Transitioning teams is hard. Transitioning teams as a leader has a whole swath of extra challenges. Whether it be a new job or a new role within your current company, there’s plenty to figure out each time…
My most recent transition
I moved to a new area in Shopify about 6 months ago to form a new organization. I didn’t have a clear mandate. I didn’t know which teams I could pull in. I didn’t know who I’d even be working with to pull this off.
No matter how many times I’ve made a change, each time a swarm of emotions floods my senses:
- Trepidation — Can I build great relationships with all the new humans?
- Worry — Can I find shared purpose for each of these teams? Can I add value?
- Fear — What’s going to happen? Am I capable of pulling this off?
Imposter syndrome always finds its way to the forefront. Why does this always surface? I don’t know. Not a psychologist. Just another human. Trying to figure out a little bit each time. But reflection, intentionality, and naming things makes each change easier.
We face this discomfort with a plan centered on one idea: trust.
Do you know the domain? Do you know the organization? Do you know the history? Do you know the people? Figure it out, fast. Context is necessary to succeed. Context is necessary to ensure each challenge faced can be learnt from.
Start by reading: documentation, tech designs, blog posts, product briefs, a little code. Everything you can get your hands on. You need to put in the work. You need to show that you care.
Now that you’ve read, it’s time to connect with your new humans. Be upfront that you don’t know much yet. This’ll go a long way to building trust and getting you good answers. Ask your team, ask past leaders, and ask skip-levels. Seek their perspective. Ask every question you can think of. Ask them what they think you should know. Be a sponge.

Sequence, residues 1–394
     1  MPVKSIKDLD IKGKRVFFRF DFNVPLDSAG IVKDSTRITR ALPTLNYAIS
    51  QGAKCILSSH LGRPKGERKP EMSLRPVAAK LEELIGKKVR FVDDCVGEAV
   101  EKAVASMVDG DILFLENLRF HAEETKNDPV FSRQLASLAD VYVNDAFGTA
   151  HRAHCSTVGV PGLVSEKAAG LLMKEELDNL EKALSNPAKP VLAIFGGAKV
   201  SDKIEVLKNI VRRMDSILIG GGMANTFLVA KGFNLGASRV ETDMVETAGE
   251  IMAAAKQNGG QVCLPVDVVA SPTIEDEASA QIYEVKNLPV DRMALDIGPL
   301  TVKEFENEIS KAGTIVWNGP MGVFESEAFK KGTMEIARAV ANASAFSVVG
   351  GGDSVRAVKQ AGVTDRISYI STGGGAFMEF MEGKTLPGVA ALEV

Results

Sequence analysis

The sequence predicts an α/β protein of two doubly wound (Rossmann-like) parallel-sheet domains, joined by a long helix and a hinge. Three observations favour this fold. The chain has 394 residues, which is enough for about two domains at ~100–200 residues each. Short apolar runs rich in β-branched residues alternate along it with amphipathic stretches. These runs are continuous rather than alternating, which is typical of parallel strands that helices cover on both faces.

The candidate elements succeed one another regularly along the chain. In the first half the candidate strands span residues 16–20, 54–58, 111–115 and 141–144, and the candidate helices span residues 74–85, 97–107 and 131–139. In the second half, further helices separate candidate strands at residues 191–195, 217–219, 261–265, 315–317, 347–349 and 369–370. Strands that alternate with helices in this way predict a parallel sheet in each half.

Clear and authentic communication
While gathering context, you’ll get ample time with your new team. Be honest, authentic, and clear. Another opportunity to build trust.
You came to this org/team/company for a reason. What is it? Share that. You may not have a lot of context yet, but you’ve (hopefully) got passion. Share your ambition and excitement. Share your goals and where you’ll focus. Share the opportunities you see ahead and the challenges you’ll learn from. Share tidbits of your background that are relevant and show you’re capable. Share who you are, as a human, and who you are in this company.
And while you’re sharing, be brutally honest on what you don’t know. Start asking for feedback feverishly. Set the stage for how you’ll be showing up.
And even more important than sharing: listening. Ask your new team what they expect from you. What they need from you.
Deep care and trust
And that open curiosity will provide the chance to care deeply.
Don’t discount how important care and trust is at this stage. While you’re nervous about this transition, your new team is doubly-so. Focus on building deep and caring relationships. Focus on being human with your humans. Once again, more opportunity to build trust.
Setup 1:1’s with everyone in your new team. Everyone. Spend time sharing history. Spend time sharing ambition. Spend time sharing concern. Spend time being human, together. But also, dig a little. Ask what can be better. Ask what should stay the same. Ask what challenges they’re facing. And begin helping.
I also love setting up intentional time to go deep. Think playing The Ungame or 36 Questions That Lead to Love (which I know sounds strange, but these are excellent). Focused time to move past small-talk will accelerate trust and empathy on a whole other level.
These three approaches lean on and compliment each other. And importantly, they all drive trust with your new team. While you gather context to understand what you’ve walked into, you can be vulnerable. While sharing clearly why you joined, you can listen. In all these conversations, you can focus on deep human connection. Building deep deep care and trust for each human in your new team.
There’ll be new challenges (and old ones). There’ll be surprises. There’ll be ample mistakes. But, with this foundation of trust, you (and the team!) will be ready to weather them with grace and anti-fragility.